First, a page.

PETA Calls On Creators of ‘Anchorman’ Sequel To Cut SeaWorld Scenes

Group Rallies Its Supporters Worldwide to Urge Filmmakers to Follow in Finding Dory’s Footsteps

For Immediate Release:
August 19, 2013

Moira Colley 202-483-7382

Hollywood — After viewing the hard-hitting documentary Blackfish and learning about the cruelty inherent in keeping intelligent marine mammals captive in tiny tanks at SeaWorld, the creative team behind Pixar’s Finding Dory changed the film’s ending, and now PETA is calling on the producers of Anchorman 2: The Legend Continues to follow suit. The group has posted an action alert on its popular website asking visitors to urge the Anchorman filmmakers to remove all scenes shot at SeaWorld from the film.

“The constant deprivation that marine mammals face at SeaWorld is suited to a horror film, not a comedy,” says PETA Foundation Director of Captive Animal Law Enforcement Delcianna Winders. “The makers of Finding Dory changed its ending after learning how cruel SeaWorld is, and PETA is calling on the creators of Anchorman to do the same—and leave all SeaWorld scenes on the cutting-room floor, where they belong.”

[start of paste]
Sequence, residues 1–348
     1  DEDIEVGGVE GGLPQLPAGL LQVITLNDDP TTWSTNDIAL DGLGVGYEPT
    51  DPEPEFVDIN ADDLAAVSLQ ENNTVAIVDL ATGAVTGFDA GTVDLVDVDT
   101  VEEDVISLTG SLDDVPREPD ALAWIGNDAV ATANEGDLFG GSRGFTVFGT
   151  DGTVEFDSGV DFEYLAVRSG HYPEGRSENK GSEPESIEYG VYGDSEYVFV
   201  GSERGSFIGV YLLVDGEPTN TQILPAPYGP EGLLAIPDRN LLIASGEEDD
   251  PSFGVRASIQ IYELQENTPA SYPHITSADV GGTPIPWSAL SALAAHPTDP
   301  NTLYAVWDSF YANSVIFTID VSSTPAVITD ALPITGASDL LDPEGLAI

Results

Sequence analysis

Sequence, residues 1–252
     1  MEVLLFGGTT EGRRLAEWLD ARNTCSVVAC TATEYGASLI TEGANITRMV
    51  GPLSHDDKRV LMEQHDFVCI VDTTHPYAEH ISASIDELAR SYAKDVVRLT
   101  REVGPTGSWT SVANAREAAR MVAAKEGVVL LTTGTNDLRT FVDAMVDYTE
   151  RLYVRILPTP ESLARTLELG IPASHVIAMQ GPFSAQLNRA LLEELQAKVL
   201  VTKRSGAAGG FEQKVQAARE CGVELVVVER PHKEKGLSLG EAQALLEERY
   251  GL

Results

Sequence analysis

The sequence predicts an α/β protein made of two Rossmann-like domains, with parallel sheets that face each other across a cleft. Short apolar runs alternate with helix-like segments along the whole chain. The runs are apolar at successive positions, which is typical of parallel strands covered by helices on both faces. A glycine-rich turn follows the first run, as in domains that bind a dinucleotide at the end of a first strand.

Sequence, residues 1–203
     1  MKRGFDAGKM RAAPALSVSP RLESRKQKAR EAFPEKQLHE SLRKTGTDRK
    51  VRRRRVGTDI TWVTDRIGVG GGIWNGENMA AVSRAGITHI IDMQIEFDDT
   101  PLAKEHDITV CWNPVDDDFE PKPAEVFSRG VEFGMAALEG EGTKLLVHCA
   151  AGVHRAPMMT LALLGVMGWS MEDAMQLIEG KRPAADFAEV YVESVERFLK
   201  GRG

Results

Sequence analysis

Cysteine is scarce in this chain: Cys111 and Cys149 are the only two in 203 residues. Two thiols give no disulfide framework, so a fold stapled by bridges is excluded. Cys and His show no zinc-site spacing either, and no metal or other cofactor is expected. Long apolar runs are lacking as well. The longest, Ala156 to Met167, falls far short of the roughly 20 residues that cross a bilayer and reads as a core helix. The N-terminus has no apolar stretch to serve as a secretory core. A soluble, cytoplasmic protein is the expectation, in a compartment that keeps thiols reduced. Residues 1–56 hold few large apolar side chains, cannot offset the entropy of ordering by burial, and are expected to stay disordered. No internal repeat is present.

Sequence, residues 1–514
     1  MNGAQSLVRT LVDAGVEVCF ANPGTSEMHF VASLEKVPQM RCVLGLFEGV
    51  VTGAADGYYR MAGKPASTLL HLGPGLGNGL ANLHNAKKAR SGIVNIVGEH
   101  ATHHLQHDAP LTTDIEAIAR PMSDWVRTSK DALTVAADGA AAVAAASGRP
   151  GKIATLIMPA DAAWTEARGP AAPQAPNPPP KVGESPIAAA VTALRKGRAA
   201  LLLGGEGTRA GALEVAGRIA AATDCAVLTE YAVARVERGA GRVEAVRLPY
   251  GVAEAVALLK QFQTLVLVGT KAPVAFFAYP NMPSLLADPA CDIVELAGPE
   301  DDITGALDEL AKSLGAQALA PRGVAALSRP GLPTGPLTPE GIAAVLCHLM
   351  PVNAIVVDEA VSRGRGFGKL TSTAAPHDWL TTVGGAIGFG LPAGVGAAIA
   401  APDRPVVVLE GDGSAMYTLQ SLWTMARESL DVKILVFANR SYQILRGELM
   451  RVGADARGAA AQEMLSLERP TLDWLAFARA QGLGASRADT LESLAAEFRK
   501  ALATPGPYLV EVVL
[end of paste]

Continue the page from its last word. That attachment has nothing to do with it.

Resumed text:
In the wild, orcas share intricate relationships with their family members and swim as many as 100 miles every day with their pods. At SeaWorld, orcas continually turn in circles in small concrete tanks, which, in human terms, are equivalent to the size of a bathtub, and are also forced to perform circus-style tricks for food. As Blackfish reveals, this constant deprivation leads the orcas to lash out: SeaWorld lists more than 100 incidents of orca aggression—including injuries to trainers and one’s death—in its own incomplete records.

The creative team at Pixar responsible for changing Finding Dory’s ending reportedly told Blackfish’s director that “they didn’t want to look back on this film in 50 years and have it be their Song of the South“—a reference to the 1940s Disney film now widely regarded as racist.

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 Ingrid E. Newkirk

“Almost all of us grew up eating meat, wearing leather, and going to circuses and zoos. We never considered the impact of these actions on the animals involved. For whatever reason, you are now asking the question: Why should animals have rights?” READ MORE

— Ingrid E. Newkirk, PETA President and co-author of Animalkind